Forum > Webcomic & Art discussion > been at this too long ers
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"been at this too long ers", 12th Mar 2020, 9:24 PM #1
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***click here to see most recent question post***

So I'm looking at the calendar today like why does this date feel significant, then reamembered that I uploaded my first page of this comic on this date 11 years ago.

It's weird to think how much the webcomic landscape has changed in that time. I had joined a site that had a decent but not raging amount of activity, which steadily began to die off in the ensuing years, then I moved to Old SmackJeeves, which had a deccent but not raging amount of activity, and began to steadily die off in the ensuing years.

I apologize in advance as I've recenlty joined here, which has a decent but not raging amount of activity, and I've been the common denominator in the other two circumstances.



Any others of you been at this a long-ass time? Any 5 or 10 + year people? (alright I'll extend to some of you four-ies too, but don't get used to it)


Every day I'm going to come in this thread and ask you a question and you can respond to it or you can not respond to it you know it's like your choice and shit

I'm calling all of us "BATTLERs" which stands for been-at-this-too-long-ers. Sounds cool huh!!!



Sup Battlers Question #1- What was something that was a major concern or issue for you with the creation or comic process years ago when you started, but now it isn't anymore? What changed?



For me, I had to divorce myself from this idea that using certain media was "wasteful." I didn't want to use markers because I was afraid the marker would run out (the idea of getting a new marker to replace an old one was foreign to me as my markers were all old things that came from sets people had given me as a child). A friend gave me her prismacolors when she updated to copics and having a huge set to choose from helped me break out of that mindset.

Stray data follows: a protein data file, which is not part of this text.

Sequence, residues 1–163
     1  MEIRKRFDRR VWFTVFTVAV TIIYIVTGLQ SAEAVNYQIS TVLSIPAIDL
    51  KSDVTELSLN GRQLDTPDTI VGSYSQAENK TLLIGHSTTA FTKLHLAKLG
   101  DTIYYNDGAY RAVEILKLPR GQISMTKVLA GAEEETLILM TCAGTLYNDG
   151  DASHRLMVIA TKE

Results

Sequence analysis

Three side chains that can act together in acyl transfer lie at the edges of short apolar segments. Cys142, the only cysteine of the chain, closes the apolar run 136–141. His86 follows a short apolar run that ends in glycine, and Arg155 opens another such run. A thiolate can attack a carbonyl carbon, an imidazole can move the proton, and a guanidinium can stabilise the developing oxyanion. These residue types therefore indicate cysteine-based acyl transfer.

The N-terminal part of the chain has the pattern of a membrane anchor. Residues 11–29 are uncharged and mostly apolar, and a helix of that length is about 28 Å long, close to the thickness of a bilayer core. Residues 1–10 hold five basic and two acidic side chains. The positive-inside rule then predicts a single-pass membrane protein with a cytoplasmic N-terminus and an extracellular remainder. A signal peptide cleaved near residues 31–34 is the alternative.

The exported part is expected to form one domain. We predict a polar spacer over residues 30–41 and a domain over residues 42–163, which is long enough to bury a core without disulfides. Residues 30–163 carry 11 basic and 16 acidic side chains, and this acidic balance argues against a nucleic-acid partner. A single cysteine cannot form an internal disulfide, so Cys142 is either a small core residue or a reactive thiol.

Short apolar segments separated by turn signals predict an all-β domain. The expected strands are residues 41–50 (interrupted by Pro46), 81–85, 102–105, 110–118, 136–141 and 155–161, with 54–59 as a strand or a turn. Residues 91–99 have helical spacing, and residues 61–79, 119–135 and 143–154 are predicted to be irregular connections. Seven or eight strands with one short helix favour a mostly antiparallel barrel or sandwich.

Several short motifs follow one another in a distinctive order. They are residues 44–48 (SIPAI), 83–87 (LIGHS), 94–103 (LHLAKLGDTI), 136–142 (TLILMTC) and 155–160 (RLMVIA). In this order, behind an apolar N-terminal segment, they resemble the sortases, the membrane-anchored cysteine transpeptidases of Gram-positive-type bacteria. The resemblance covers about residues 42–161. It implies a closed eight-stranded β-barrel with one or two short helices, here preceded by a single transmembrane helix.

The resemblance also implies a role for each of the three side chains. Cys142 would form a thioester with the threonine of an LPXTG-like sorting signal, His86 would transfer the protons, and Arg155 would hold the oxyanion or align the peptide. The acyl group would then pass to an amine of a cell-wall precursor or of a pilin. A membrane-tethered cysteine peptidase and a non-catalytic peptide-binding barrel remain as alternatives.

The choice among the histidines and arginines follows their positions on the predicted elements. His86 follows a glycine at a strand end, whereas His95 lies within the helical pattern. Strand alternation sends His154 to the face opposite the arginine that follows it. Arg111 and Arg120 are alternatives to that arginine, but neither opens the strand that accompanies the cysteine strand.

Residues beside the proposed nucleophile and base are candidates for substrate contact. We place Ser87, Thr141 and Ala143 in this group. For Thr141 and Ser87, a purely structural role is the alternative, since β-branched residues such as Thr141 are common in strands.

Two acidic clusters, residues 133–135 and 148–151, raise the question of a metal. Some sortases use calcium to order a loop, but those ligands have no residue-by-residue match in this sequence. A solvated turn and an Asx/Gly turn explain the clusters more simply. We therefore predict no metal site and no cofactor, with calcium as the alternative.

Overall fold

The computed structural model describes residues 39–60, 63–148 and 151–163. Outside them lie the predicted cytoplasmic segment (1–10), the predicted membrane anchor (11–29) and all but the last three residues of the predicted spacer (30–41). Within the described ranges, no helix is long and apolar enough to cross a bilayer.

I also took a while to come around on the concept of sketching and inking. It seemed, again, "wasteful," in terms of wasting time mostly. Why ink when I can just draw it right the first time??? I forget what prompted me to come around on this, but thank god I did

I was also more "fame" obsessed at the beginning- like part of my mind knew I was never going to "make it big," but I aspired to have some degree of internet fame. In the earlier interim years I wanted to make money off the comic and remember feeling jealous of artists who made a lot of money via ads and such. These days I consider it a successful time if I have a handful of regular readers, some of whom comment regularly.

Asked questions:
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12th Mar 2020, 9:31 PM #2
πŸŽ€Official CF Wine TesterπŸŽ€
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Mine is over 8 years old. I've never had success.
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12th Mar 2020, 9:42 PM #3
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mitchellbravo:

Sup Battlers Question #1- What was something that was a major concern or issue for you with the creation or comic process years ago when you started, but now it isn't anymore? What changed?




How to publish stuff?